Academic researchers have discovered serious vulnerabilities in the core of Threema, an instant messenger that its Switzerland-based developer says provides a level of security and privacy “no other chat service” can offer. Despite the unusually strong claims and two independent security audits Threema has received, the researchers said the flaws completely undermine assurances of confidentiality and authentication that are the cornerstone of any program sold as providing end-to-end encryption, typically abbreviated as E2EE.
Threema has more than 10 million users, which include the Swiss government, the Swiss army, German Chancellor Olaf Scholz, and other politicians in that country. Threema developers advertise it as a more secure alternative to Meta’s WhatsApp messenger. It’s among the top Android apps for a fee-based category in Switzerland, Germany, Austria, Canada, and Australia. The app uses a custom-designed encryption protocol in contravention of established cryptographic norms.
The seven deadly flaws
Researchers from the Zurich-based ETH research university reported on Monday that they found seven vulnerabilities in Threema that seriously call into question the true level of security the app has offered over the years. Two of the vulnerabilities require no special access to a Threema server or app to cryptographically impersonate a user. Three vulnerabilities require an attacker to gain access to a Threema server. The remaining two can be exploited when an attacker gains access to an unlocked phone, such as at a border crossing.
“In totality, our attacks seriously undermine Threema’s security claims,” the researchers wrote. “All the attacks can be mitigated, but in some cases, a major redesign is needed.”
The seven vulnerabilities the researchers uncovered include:
- External actor with no special access
- In the event an ephemeral key is exposed even once, an attacker can permanently impersonate the client to the server and then obtain all metadata in all E2EE messages. This is a remarkable shortcoming because ephemeral keys should never be able to authenticate a user. With Threema, leaking of an ephemeral key has the same effect as leaking a long-term key. Sloppy key management also causes Threema to reuse ephemeral keys in places they should never be reused.
- A flaw in the way Threema’s client-to-server (C2S) protocol interacts with its end-to-end (E2E) protocol that causes a user to create a special Threema value known as a voucher box and send it to the attacker. The attacker can exploit it by tricking a user into sending a set of characters (u9j6о’jjхЙ^փ1כW:-́;ܡRA) to a special but innocuous account. One possible way for an attacker to do this is to send spam to a large number of users that tells them to send the character string to a specific account in order to be eligible for a prize. From that point on, the attacker can impersonate the hacked client to the server.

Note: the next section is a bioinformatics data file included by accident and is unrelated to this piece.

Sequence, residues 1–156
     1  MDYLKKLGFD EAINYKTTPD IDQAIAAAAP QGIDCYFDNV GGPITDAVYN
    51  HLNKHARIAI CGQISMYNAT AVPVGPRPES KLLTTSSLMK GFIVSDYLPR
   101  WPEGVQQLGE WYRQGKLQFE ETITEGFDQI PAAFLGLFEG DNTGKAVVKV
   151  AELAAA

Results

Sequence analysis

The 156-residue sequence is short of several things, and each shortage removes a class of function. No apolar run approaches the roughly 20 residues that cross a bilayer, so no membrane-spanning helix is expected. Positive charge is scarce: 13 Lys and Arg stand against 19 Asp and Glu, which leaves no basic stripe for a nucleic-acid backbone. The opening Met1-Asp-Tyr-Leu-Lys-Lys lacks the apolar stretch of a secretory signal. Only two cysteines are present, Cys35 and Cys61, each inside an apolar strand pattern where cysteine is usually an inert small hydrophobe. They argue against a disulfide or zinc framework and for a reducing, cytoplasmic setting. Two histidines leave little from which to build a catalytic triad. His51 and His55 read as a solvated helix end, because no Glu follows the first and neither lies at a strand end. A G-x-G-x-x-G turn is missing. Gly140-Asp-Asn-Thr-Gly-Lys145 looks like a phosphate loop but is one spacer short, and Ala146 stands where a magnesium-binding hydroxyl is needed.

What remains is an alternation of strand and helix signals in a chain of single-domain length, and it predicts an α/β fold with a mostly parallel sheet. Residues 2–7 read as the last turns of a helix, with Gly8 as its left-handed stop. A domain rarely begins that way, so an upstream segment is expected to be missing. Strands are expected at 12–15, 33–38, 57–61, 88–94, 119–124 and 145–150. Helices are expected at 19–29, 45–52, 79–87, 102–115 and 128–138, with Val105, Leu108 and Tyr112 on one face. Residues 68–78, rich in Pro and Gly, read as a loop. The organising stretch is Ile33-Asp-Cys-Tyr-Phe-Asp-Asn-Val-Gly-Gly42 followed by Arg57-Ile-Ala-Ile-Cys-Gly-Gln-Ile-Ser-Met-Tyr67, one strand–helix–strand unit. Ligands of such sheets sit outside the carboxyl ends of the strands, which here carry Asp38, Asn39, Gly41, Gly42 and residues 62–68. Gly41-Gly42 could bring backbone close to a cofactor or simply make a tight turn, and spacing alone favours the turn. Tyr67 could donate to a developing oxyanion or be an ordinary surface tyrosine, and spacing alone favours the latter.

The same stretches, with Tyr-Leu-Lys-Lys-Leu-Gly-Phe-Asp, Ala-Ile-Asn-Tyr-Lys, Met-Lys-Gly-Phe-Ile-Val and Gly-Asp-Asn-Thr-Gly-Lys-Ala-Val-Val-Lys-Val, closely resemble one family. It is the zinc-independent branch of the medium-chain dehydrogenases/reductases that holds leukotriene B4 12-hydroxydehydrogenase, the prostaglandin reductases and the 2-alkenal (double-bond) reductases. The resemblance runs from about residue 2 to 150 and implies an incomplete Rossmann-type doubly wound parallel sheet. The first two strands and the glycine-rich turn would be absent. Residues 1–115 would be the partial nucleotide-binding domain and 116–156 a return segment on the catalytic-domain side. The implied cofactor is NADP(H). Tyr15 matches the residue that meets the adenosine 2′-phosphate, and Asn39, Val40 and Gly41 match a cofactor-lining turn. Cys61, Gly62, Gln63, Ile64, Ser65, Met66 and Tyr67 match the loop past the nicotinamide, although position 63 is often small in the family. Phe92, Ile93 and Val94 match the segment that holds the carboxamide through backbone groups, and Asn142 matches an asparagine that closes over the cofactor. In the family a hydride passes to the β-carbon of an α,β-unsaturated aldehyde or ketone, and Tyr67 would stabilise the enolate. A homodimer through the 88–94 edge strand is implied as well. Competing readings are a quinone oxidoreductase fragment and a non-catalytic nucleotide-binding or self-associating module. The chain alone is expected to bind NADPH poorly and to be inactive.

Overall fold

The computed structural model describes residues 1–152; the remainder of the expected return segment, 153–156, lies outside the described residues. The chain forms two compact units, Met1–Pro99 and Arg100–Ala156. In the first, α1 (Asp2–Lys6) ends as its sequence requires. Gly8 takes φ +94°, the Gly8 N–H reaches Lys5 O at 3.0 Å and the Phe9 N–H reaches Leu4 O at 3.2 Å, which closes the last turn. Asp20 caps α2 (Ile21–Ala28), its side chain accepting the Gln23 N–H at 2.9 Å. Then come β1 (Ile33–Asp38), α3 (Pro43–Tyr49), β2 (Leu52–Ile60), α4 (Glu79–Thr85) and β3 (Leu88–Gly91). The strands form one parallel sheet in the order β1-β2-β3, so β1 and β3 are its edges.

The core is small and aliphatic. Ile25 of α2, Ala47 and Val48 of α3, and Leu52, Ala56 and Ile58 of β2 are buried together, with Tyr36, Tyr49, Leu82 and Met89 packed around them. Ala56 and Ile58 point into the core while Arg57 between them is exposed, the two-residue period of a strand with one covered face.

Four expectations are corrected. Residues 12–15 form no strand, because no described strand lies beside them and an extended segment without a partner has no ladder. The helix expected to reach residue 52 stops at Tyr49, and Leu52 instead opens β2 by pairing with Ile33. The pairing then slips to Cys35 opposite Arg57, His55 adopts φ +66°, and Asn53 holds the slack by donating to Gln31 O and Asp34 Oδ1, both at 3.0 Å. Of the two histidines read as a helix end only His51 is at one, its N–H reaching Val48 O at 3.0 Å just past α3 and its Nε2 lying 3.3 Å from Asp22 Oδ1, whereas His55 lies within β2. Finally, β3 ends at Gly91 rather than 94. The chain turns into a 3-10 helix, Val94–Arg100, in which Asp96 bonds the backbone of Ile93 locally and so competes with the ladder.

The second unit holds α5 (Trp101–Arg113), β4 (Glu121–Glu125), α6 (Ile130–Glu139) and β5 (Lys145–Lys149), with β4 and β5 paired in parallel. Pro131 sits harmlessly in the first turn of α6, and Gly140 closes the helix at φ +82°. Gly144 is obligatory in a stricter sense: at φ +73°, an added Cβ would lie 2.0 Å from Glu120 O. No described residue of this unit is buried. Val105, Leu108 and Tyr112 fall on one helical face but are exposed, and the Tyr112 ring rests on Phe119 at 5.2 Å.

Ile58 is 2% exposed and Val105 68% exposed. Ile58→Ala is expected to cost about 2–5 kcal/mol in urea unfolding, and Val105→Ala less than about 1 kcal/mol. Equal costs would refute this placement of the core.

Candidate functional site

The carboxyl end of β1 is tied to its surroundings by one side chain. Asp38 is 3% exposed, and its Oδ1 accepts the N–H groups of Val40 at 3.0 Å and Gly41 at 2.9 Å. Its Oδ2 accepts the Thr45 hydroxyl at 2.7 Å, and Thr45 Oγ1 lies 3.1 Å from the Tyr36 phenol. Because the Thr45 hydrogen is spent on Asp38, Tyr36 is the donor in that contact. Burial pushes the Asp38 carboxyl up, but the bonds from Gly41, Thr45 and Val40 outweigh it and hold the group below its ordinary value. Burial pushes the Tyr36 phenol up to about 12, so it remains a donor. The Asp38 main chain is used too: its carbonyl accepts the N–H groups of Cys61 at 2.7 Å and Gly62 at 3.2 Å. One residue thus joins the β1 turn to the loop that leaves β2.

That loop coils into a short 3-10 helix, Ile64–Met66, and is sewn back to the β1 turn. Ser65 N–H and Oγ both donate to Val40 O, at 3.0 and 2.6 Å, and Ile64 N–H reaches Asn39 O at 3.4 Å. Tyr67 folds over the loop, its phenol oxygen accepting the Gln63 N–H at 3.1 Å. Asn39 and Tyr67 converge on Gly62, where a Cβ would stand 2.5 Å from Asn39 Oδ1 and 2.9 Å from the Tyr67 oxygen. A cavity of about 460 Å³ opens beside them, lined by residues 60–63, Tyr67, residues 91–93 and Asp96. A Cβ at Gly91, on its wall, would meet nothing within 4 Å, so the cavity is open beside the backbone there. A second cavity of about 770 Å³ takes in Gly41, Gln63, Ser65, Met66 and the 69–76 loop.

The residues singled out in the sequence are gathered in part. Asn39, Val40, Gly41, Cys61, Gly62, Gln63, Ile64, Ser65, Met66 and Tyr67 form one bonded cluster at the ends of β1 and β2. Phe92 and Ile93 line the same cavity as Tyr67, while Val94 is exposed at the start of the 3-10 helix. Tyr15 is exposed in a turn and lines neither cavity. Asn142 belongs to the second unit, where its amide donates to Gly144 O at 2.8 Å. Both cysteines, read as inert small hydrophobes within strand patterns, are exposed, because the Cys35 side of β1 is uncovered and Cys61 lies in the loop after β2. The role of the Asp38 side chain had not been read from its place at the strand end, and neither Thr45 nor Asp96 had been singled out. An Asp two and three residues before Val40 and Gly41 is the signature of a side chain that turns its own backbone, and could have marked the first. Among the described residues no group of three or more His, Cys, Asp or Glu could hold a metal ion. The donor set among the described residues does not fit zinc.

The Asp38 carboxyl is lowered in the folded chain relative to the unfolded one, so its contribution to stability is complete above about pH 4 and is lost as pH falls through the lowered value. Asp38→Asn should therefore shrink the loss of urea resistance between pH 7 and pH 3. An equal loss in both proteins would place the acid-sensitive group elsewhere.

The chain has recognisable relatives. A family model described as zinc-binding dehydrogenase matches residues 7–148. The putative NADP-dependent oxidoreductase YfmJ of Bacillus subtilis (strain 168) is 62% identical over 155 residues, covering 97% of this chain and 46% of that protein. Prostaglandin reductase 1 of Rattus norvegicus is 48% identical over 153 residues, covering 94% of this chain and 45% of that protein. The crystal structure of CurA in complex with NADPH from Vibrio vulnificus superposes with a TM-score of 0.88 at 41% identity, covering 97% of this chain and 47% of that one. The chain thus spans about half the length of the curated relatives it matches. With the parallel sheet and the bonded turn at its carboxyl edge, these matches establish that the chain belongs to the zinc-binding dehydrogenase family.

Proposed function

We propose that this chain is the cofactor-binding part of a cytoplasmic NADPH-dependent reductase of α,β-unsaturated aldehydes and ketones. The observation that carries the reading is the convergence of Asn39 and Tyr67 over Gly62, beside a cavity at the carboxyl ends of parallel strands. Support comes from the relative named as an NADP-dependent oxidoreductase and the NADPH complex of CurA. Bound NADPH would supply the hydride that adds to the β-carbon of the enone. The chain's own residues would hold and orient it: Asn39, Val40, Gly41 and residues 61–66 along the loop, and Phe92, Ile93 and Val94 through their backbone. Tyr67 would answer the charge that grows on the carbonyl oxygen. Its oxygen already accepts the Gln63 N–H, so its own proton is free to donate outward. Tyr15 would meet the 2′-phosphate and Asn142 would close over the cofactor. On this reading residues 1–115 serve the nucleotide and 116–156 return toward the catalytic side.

- When an attacker has compromised a Threema server:
- A lack of integrity protection on the message metadata. As a result, an attacker can surreptitiously reorder and/or delete messages sent from one client to another.
- Faulty usage nonce handling allows for “replay and reflection” attacks, in which the threat actor resends old messages and sends a user a message that the user previously sent to someone else.
- A bug in the challenge-and-response protocol used for a client to authenticate itself to the server during registration. During the process, the client proves possession of its private key by encrypting a server-chosen message that’s encrypted with a server-chosen public key. A compromised server can exploit this design to create “compromised,” or potentially incriminating messages that can be delivered at any later time to a targeted user. Threema patched this vulnerability in December 2021, when a separate researcher spotted it.
- When an attacker gains access to an unlocked phone running Threema:
- A feature that allows users to export their private key from one device to another. Poor design decisions make it trivial for an attacker to use the key to clone a Threema account, unless users opt in to using a PIN or password to protect their account. From there, the attacker can go on to access all future messages. Combined with a compromised Threema server, the adversary can also obtain all previously sent messages.
- Message compression that occurs before encryption when Threema creates a backup, combined with the ability for an attacker to use a nickname feature to inject chosen strings into the backup. This allows a more sophisticated attacker to observe the size of the backup file over multiple iterations and eventually recover the user’s private key.